At its core, winemaking involves turning the sugars in grapes into alcohol via the introduction of yeast. However, there are certain interventions in the winemaking process that winemakers can use to not only stabilize the final product, but make it more commercially appealing to their target consumer.
Beyond the addition of everyone’s favorite punching bag – sulfites – winemakers frequently use ingredients like egg whites, gelatin, casein (a milk-derived protein), isinglass (a protein derived from fish bladders), bentonite (an adsorbent clay) and many others during the fining and filtration process. Winemakers have further options available to them – ingredients like the infamous “Mega Purple,” a sweet, syrupy grape concentrate used to enhance a wine’s color and “roundness,” and other additives like powered tannin and oak flavoring.
These tricks of the trade are no secret – at least not in the winemaking world. But you’re likely not going to hear about them on your tour of the winery or in the tasting room. This is perhaps where the issue of transparency for the consumer gets tricky. Do we really want to know? Like being faced with the results of a full body scan showing strange and possibly benign irregularities, what do we do with that information once armed with it?
“First, let me say this: It is nature’s course to make ALL wine vinegar, and without man’s intercession, a juice that ferments with wild yeast will hit a point where it is a good, drinkable wine, and then, without any help, continue on through to bacterial spoilage and go to vinegar,” adds McPherson. In other words, all those things that may look scary on a wine’s ingredients list – if the industry required one – are, arguably, necessary for producing a wine that is shelf-stable.
Like being faced with the results of a full body scan showing strange and possibly benign irregularities, what do we do with that information once armed with it?
The natural wine movement, in which wines are made with little to no intervention, is still a relatively niche market and comes with its own set of controversies that could fill up several dozen articles.
Fellow Temecula Valley winemaker Olivia Bue of Robert Renzoni Vineyards agrees with McPherson. “There are a few additions we do add, such as bentonite, for fining and clarifying purposes prior to bottling,” she says. “It’s important for consumers to understand that many additions are designed to bind with an oppositely charged organic compound in wine, then drop or precipitate to the bottom of the tank to be left behind after racking. In other words, they leave behind no traces of material.”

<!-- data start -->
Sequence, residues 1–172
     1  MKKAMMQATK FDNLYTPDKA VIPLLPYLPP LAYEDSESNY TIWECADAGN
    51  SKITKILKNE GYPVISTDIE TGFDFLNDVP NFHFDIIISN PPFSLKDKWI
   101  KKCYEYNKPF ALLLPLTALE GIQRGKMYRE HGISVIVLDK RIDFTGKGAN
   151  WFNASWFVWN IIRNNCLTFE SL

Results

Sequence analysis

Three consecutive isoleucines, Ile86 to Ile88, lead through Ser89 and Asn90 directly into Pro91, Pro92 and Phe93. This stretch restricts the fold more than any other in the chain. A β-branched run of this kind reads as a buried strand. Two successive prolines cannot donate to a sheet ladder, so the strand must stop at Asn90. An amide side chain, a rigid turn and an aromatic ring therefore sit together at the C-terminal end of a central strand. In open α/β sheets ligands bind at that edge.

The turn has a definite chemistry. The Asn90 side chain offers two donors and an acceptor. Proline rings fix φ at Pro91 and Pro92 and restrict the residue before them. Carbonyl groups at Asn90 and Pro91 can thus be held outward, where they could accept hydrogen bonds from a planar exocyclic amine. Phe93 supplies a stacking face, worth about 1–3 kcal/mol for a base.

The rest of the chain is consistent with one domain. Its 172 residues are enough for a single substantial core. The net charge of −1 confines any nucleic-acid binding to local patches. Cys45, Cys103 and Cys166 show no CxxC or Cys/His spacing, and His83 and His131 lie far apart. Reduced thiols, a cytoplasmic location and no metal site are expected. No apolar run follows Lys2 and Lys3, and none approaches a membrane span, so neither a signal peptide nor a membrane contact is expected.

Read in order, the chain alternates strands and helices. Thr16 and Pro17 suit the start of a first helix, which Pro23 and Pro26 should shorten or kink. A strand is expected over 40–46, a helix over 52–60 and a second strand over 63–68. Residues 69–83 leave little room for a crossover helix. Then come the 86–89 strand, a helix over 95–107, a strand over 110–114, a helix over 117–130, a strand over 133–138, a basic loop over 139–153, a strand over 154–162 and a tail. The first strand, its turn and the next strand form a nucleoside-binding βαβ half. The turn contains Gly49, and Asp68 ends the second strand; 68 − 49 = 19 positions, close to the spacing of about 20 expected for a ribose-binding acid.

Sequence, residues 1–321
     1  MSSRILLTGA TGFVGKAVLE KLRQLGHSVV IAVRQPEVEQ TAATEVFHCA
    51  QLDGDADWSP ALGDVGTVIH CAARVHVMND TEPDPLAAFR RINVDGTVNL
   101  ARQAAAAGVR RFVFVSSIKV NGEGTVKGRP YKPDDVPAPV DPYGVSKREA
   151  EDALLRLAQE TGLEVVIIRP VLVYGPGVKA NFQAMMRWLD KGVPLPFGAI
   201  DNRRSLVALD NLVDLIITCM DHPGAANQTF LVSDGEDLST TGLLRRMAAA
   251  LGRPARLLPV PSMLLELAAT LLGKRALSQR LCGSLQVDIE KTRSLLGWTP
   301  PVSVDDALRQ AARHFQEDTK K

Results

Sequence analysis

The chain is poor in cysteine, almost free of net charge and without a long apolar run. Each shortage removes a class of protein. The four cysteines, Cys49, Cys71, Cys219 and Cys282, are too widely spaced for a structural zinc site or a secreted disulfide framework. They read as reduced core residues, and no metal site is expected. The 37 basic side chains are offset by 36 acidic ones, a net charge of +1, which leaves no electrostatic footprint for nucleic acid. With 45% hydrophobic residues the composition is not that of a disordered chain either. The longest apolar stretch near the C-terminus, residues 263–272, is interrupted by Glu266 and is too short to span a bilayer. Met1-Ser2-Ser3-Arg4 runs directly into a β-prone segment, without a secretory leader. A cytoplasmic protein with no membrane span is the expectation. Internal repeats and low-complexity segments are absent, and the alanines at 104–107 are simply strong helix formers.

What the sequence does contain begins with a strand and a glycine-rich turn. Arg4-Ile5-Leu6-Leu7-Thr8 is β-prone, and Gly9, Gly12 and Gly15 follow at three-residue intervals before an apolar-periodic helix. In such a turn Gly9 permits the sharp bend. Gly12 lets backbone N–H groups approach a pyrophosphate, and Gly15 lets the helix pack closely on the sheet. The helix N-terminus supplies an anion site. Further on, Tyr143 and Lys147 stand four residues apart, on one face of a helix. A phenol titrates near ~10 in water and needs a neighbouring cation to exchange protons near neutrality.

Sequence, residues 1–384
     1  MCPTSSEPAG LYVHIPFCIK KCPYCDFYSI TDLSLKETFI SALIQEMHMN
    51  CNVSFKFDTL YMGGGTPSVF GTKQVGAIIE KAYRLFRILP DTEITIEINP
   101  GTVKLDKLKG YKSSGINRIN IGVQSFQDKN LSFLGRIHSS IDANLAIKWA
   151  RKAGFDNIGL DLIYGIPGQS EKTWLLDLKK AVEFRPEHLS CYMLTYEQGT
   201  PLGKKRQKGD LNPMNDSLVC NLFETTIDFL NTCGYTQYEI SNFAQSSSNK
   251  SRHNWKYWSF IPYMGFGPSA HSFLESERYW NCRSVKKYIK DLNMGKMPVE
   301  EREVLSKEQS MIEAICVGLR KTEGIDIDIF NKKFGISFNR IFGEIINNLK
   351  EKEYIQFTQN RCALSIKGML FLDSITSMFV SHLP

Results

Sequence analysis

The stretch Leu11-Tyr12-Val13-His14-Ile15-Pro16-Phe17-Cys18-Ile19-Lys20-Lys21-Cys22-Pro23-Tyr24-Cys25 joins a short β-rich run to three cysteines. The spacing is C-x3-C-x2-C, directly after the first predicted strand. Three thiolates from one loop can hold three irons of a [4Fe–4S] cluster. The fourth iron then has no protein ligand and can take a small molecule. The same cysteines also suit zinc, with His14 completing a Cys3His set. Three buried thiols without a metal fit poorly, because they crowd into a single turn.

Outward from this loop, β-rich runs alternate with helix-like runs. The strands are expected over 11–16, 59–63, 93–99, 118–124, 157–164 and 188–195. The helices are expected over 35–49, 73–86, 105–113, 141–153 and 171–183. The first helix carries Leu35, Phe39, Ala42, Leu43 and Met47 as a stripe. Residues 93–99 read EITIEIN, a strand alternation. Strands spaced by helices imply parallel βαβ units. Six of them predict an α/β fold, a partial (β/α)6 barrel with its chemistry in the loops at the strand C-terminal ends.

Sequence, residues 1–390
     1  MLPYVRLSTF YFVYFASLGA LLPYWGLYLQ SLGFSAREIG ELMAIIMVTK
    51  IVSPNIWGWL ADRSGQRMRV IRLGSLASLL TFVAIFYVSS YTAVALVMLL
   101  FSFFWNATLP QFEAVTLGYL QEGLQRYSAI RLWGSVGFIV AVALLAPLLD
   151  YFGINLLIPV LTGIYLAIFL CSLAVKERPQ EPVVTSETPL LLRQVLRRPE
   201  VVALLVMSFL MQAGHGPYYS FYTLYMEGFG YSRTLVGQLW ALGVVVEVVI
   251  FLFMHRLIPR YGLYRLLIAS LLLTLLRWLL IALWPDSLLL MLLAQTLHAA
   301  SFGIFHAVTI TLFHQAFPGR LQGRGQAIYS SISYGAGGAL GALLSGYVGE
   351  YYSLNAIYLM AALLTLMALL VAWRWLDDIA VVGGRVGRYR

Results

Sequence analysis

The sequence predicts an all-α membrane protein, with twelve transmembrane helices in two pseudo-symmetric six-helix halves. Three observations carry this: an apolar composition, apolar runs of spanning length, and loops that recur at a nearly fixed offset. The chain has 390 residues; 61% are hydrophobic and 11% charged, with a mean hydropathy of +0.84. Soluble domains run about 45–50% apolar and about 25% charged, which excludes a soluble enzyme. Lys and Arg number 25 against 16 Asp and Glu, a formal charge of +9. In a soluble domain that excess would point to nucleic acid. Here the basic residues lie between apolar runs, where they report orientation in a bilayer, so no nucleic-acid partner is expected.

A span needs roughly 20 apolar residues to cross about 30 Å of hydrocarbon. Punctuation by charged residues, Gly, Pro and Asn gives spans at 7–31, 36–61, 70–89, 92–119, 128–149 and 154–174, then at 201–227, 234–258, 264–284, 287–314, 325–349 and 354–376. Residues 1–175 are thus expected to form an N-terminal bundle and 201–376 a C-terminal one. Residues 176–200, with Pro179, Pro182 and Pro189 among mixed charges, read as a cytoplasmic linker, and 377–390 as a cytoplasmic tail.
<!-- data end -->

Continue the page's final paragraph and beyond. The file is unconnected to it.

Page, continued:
For those winemakers going beyond basic fining, filtration and stabilizing agents, and adding things designed to enhance the flavor, color or sweetness of a wine, it’s understandable why a winemaker may not want the industry to push for label reform, for fear these tactics are painted as “cheating.” But many wholesalers and retailers see transparency as a powerful selling tool.
“People should know what they are consuming,” says Jonathan Porter, New York City Director of Sales for Massachusetts-based importer & distributor MS Walker. “I think it’s important to the buyer and consumer. [Not doing so] gives an unfair advantage to people who artificially manipulate and cut corners. If someone is operating with minimum intervention, then they should be able to distinguish themselves from manipulated projects. Does it make for a better bottle of wine? I can’t speak to that; but it is important for the producer, the buyer and consumer, so the wholesale sector is at a competitive disadvantage if they aren’t able to embrace that space.”